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One TEI later and the crew is on its way home.

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And now, one day after departing Lunar orbit, the CMP makes his deep-space EVA to retrieve film canisters from the SIM bay. 

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It's kind of hard to make these screenshots seem unique when this is the fourth time I've recorded such an event...

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Finally, after nearly two weeks in space, Polaris returns home in a pillar of fire, descending slowly to a splashdown in the Indian Ocean.

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The crew are recovered by the USS Ticonderoga and quickly ferried to Australia for processing and return to the US. By this point, however, Lunar missions receive almost no attention from the general public, and few outside of NASA seem to realize the fact that there is only one more lunar flight planned before the greatest expedition in history comes to an end. With an end to Apollo, massive layoffs and budget cuts are on the horizon, as NASA downsizes and prepares for the 1970s to be a decade-long fast. With the Space Shuttle not set to enter service for at least six more years, any manned spaceflights will have to be flown with surplus Apollo hardware. While a limited second run of Saturn Vs has begun production, NASA is struggling to find a payload for them, with STS siphoning off more and more funds from the Manned Spacecraft Center and the new Block III "Budget Apollo" being designed to travel only to LEO. Meanwhile, the unmanned missions department is thriving, bustling with activity as ambitious plans for Martian landings, Grand Tours, and Venusian orbiters begin moving from the drawing boards into reality. Already, one spacecraft has visited Jupiter, with a second probe arriving in less than a month before continuing on to Saturn. A third spacecraft is on its way to Mercury by way of Venus, and is expected to arrive by the end of the year. The future is changing, and it appears that the world is getting too small for Apollo...

 

Bonus Content: Pioneer 11 at Jupiter and Mariner 10 at Venus:

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That Jupiter planetshine is no joke; the side of the spacecraft facing the planet is brighter than the side facing the Sun!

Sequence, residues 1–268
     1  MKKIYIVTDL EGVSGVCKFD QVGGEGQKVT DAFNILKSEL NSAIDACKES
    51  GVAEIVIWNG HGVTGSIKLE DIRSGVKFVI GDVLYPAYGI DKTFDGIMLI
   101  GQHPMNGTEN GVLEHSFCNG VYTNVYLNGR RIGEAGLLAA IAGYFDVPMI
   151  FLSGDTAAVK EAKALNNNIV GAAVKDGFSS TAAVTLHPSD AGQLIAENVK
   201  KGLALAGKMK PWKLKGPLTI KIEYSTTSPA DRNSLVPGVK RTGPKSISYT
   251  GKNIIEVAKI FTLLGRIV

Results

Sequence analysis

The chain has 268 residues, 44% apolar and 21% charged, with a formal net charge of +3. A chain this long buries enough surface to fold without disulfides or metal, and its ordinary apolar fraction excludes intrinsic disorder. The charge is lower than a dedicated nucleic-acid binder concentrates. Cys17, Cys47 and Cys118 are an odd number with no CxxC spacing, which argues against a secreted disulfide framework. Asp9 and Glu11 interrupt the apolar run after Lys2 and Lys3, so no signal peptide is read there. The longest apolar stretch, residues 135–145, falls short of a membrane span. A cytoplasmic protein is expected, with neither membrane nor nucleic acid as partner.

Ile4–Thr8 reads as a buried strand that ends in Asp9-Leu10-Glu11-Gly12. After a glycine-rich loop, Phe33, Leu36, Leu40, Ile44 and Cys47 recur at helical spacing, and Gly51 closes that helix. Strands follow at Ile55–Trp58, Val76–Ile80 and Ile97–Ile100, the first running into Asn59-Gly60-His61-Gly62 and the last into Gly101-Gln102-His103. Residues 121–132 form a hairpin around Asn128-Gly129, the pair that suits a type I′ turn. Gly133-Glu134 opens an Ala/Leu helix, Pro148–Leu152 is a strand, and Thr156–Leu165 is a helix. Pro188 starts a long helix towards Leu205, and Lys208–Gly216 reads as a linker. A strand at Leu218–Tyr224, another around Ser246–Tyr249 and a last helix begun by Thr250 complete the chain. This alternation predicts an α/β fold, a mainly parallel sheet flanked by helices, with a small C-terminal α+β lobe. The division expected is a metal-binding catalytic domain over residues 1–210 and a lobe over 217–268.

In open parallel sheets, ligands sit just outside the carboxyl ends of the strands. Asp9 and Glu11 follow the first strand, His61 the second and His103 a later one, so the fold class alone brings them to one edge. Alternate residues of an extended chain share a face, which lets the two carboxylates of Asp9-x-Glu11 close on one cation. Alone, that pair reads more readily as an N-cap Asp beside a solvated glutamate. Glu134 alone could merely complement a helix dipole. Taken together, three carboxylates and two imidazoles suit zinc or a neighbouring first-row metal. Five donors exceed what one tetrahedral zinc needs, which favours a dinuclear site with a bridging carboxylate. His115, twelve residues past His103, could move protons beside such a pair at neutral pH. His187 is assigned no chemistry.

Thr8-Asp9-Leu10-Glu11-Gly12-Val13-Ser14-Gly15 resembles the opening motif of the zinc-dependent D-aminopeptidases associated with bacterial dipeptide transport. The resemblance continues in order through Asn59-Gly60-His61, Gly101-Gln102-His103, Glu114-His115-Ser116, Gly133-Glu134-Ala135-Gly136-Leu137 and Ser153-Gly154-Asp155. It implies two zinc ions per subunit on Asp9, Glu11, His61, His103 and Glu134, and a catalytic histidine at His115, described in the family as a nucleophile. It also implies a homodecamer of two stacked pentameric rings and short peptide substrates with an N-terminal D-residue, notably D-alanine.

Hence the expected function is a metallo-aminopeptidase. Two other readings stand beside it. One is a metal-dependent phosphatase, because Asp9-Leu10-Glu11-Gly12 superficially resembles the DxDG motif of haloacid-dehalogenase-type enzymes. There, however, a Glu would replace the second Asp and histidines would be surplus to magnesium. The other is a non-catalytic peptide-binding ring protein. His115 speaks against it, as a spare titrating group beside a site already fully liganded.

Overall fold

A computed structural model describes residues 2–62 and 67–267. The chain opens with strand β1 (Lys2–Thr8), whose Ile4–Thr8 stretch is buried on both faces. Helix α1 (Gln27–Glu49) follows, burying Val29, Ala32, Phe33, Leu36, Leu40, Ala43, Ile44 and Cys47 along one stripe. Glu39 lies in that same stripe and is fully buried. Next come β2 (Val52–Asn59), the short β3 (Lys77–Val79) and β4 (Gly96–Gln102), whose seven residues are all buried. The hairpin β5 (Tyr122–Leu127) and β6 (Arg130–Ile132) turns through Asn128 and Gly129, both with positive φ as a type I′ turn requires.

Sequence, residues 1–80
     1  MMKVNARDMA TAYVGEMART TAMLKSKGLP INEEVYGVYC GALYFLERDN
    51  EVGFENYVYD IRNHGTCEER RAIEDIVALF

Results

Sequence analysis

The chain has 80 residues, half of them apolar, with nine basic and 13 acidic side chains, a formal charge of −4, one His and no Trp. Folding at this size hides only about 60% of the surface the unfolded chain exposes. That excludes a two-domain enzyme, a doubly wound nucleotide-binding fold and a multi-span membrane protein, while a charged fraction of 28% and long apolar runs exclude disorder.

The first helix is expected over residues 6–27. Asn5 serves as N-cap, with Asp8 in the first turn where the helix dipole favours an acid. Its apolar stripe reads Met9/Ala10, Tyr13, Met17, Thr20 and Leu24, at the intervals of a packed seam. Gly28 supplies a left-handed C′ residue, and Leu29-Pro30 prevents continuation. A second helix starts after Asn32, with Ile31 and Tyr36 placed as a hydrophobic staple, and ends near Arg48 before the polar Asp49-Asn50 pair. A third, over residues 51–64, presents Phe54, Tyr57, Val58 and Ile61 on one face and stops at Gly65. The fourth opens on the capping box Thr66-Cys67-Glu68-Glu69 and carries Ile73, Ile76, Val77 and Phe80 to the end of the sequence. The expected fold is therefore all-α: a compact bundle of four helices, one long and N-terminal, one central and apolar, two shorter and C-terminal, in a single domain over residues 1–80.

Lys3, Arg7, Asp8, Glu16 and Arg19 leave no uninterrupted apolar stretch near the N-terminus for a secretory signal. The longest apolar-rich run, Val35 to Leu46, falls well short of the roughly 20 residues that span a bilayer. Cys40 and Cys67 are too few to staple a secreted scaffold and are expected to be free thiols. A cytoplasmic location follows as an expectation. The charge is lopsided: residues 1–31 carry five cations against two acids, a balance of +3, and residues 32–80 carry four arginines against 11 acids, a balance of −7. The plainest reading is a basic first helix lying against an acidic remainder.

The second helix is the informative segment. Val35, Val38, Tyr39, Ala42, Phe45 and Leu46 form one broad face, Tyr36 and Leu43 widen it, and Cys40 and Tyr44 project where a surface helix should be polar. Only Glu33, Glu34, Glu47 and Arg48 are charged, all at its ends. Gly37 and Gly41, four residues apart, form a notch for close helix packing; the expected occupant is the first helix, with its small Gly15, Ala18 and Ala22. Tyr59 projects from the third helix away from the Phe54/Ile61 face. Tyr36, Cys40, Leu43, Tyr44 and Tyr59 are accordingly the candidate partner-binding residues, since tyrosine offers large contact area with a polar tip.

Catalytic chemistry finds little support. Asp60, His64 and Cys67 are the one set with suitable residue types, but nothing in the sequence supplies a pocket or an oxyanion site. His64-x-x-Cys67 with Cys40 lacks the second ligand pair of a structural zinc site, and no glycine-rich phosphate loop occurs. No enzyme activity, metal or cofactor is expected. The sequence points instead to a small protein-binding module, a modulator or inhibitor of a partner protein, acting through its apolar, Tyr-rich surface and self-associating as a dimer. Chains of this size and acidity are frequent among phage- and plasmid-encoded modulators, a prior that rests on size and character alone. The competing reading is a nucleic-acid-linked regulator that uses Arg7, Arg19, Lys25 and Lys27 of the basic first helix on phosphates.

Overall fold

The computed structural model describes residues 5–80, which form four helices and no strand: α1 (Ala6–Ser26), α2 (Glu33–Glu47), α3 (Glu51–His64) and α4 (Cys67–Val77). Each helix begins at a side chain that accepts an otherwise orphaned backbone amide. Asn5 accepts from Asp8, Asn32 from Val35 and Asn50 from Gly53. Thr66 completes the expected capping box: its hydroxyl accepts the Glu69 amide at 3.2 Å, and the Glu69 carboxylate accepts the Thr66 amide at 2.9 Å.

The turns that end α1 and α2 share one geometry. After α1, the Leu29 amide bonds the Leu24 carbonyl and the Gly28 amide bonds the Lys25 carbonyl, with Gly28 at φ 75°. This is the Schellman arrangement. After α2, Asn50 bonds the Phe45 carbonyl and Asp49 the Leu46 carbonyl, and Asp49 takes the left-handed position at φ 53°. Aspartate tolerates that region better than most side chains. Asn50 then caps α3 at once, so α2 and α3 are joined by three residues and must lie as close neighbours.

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13 hours ago, pTrevTrevs said:

Apollo 18 Part 2: Running out of witty flavor text for titles here...

3oHWxkJ.png

Again, all of these photos were taken before the ALSEP parts dropped and before I developed my TV camera TUFX profiles. 

 

 

 

Bonus Content: Pioneer 11 at Jupiter and Mariner 10 at Venus:

 

Really superb work here! Well done!

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More feedback, based on Hexagon.

(Design choice): The Hexagon mapping camera is the only camera in the KH series that can find anomalies and even then, only below 100km. By the Hexagon model, a player will have progressed through Corona, two Mural, and two Gambit designs. And even at finally arriving at "Big Bird", the Hexagon main camera can still not be used to find anomalies (SCANsat nor KerbNet). I feel if not by Gambit, that Hexagon should be feasible for my anomaly hunting desires. 

I also feel the mapping camera's maximum altitude is too low and should be 150km, which would make it usable throughout most of the range of Low Kerbin orbit.

That said, aside from being unable to mount a second SRV on the KH-4A model (with the KH-4B you can, so this is a very minor nitpick), I am quite pleased to be able to design and launch so much of the spy satellite family, including my personal favorite with Strawman.

Keep up the great work, devs!

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Changing Times

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December 1973: In a unique occurrence in spaceflight history, two Saturn Vs stand ready on the pads at LC-39. On LC-39A in the foreground, SA-513 with the Skylab space station is undergoing the first of its checkouts in preparation for a launch early next year. In the distance the final moonbound Saturn, SA-515, is performing a countdown demonstration test on LC-39B, preparing for the Apollo 19 mission to Hyginus Crater in a few days' time.

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On 3/25/2022 at 8:59 AM, GoldForest said:

Pegasus had 6 RL-10s, just like S-IVA.

First, thank you for that kitbash but i have to say that IIRC the ETS Pegasus has only 4 RL-10´s, at first the RL-10 A-4 and later a further upgraded variant (That also replaced the two outer engines of the descent stage / cargo landers for their Artemis-Missions), probably what´s the B-2 version in our real Timeline., they didn´t clarify what the exact version-declaration for that replacement was but they spoke of an further extended nozzle, so it´s either a B-Veriant of some kind or a further upgrade of the A-Series that we don´t have, so for me i will  just use the B-2. (Edit: It´s probably one of the RL-10 A-4-N Variants.. i forgot about them and they would fit perfectly, so BDB has even that upgrade included.  The multiple variants of that the RL-10 alone are a reason to love this mod.)